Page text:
Medical Projects: What The Focus Should Be
The focus of the current firestorm over this subject needs to be on whether or not the government will abide by both existing and proposed law on medical projects in this country in the face of special interests (foreign or Bahamian) and their cash.
The current Stem Cell Bill before parliament is not a singular requirement for the approval of stem cell projects in the country, but is actually part of an ongoing process of developing the country’s current and longstanding overall medical regulatory regime.
In other words, contrary to what is being thrown around as part of the current political back and forth, The Bahamas already has both legislative and statutory frameworks in place to approve, reject and regulate all medical projects in the country including stem cell projects – without the Bill now before Parliament.
The facts are that the country’s current medical laws and their statutory bodies including the National Ethics Committee – an arm of the Office of the Chief Medical Officer (the head of the healthcare system in The Bahamas) – have been providing oversight and regulation for medical facilities for years.
This oversight over the years has included both the approval and rejection of medical projects and medical work in The Bahamas. The current Bill is a recommendation by professionals in the system to help to provide additional depth and capacity to the work of medical oversight and regulation in the country. So the Bill is not creating something brand new for The Bahamas – it is part of an already established and evolving process.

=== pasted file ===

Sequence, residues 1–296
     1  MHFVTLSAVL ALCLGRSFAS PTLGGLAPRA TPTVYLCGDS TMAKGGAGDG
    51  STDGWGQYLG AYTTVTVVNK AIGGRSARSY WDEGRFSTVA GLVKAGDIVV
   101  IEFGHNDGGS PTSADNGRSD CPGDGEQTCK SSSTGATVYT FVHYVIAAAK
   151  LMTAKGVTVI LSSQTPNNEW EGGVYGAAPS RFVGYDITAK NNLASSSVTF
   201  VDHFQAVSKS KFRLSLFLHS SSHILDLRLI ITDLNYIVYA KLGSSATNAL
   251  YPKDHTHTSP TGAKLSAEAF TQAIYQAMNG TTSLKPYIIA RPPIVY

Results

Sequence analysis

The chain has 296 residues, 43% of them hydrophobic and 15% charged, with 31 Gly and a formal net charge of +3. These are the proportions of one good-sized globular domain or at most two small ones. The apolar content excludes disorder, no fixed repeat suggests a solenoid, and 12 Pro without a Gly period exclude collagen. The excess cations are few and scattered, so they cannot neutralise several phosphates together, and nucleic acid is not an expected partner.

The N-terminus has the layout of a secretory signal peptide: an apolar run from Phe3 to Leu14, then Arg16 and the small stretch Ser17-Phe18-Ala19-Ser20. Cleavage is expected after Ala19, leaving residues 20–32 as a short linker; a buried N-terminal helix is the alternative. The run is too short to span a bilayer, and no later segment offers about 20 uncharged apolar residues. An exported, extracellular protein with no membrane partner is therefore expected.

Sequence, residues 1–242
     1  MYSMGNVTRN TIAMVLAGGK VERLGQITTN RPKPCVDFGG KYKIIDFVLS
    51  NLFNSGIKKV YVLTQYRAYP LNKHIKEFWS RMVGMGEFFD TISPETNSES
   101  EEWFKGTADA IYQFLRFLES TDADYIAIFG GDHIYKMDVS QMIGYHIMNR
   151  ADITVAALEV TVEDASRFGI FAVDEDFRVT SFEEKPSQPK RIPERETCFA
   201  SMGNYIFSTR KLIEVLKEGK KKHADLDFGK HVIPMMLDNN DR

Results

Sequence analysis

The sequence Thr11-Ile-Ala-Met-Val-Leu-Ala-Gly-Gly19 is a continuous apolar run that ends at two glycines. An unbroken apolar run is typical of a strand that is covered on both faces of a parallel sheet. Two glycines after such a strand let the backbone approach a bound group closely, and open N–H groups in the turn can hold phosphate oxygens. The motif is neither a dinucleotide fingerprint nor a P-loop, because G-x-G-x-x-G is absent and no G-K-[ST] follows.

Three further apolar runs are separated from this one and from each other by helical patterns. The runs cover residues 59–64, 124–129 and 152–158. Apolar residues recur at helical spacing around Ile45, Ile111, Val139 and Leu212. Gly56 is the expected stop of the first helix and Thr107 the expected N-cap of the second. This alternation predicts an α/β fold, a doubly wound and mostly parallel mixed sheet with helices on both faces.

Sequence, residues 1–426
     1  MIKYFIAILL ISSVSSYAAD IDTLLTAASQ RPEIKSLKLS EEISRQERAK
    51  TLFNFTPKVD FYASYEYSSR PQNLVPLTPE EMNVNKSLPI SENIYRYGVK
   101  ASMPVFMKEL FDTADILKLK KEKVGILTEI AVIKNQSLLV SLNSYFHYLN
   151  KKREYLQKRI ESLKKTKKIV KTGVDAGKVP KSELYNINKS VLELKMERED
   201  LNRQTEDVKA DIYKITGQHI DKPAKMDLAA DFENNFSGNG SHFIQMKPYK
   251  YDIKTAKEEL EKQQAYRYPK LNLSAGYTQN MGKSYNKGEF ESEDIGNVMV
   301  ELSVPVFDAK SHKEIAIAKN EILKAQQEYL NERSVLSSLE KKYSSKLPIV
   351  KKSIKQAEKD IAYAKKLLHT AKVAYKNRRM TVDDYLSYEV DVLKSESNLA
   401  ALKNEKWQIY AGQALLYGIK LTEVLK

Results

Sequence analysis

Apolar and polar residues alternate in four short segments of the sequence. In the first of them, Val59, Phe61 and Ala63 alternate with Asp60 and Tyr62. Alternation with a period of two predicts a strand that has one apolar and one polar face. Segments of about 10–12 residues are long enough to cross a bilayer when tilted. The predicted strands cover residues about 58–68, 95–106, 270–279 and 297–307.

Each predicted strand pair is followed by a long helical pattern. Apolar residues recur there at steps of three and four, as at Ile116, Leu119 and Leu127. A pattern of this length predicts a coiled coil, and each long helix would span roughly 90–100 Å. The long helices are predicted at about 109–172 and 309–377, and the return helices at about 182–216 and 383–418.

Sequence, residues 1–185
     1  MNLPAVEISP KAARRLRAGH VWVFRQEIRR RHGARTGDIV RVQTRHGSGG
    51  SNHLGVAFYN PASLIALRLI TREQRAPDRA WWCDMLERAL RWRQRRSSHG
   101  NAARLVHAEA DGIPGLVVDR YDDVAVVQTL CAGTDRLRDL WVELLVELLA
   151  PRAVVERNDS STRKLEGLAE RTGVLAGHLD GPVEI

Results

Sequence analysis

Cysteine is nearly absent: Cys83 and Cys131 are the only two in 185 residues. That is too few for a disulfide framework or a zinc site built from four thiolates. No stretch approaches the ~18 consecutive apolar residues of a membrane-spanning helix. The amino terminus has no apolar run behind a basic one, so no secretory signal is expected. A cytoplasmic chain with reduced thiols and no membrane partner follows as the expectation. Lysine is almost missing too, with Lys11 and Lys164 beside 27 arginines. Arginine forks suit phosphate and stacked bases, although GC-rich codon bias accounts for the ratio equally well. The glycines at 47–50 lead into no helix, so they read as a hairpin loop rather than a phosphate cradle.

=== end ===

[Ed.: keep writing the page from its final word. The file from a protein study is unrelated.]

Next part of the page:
Politics keeps the country void of a lot of information. When the government in Parliament questioned why a stem cell facility in Freeport was approved about two years ago under the previous government, that specific question could have been answered very easily by the Opposition – the answer is the information I’ve just provided. The Freeport facility was approved via the country’s existing frameworks I’ve just outlined.
Why the Opposition’s Leader has not chosen to explain this to the country I cannot speak to. The reasons meantime, behind why legislators are voting one way or the other on the current Bill are not my concern in this article – that is for relevant legislators to justify, not me. The Bill will obviously pass when the time comes, but the Bill by itself is not my concern.
The concern I have on this issue is that despite what the law already requires about approvals and oversight for medical facilities and their professionals in the country, the government is already demonstrating that it may not abide by the existing or pending law so as to enable special interests to enter the sector.
That is the actual issue here – not that laws, their regulations and working oversight regimes don’t exist, but that the government may bend or break those laws to suit special interests and any promises made to them. And if that happens, then the sector and the country’s reputation – not to mention people’s lives – run the risk of being threatened or damaged.
As a point of history, back in 2004 the country found out about unapproved stem cell work being carried out at the IAT Clinic in Freeport because of me – the revelation came via my exclusive investigative reports I broke while I was a journalist with Love97 & The Bahama Journal.
The unapproved stem cell work involved collecting stem cells from the umbilical cord blood of mothers in the maternity ward of the Rand Memorial Hospital.
US citizens were coming into the country to receive expensive injections of stem cells at the clinic as part of this unapproved work.
As a result of my investigative reports, the Health Minister at the time – Dr. Marcus Bethel – ordered the stem cell work there shut down, stating that the clinic did not apply for or receive government approval to carry out the procedures. And this was in 2004 when of course the current Stem Cell Bill did not exist, because such a Bill wasn’t required for government approval if the clinic had applied for such approval.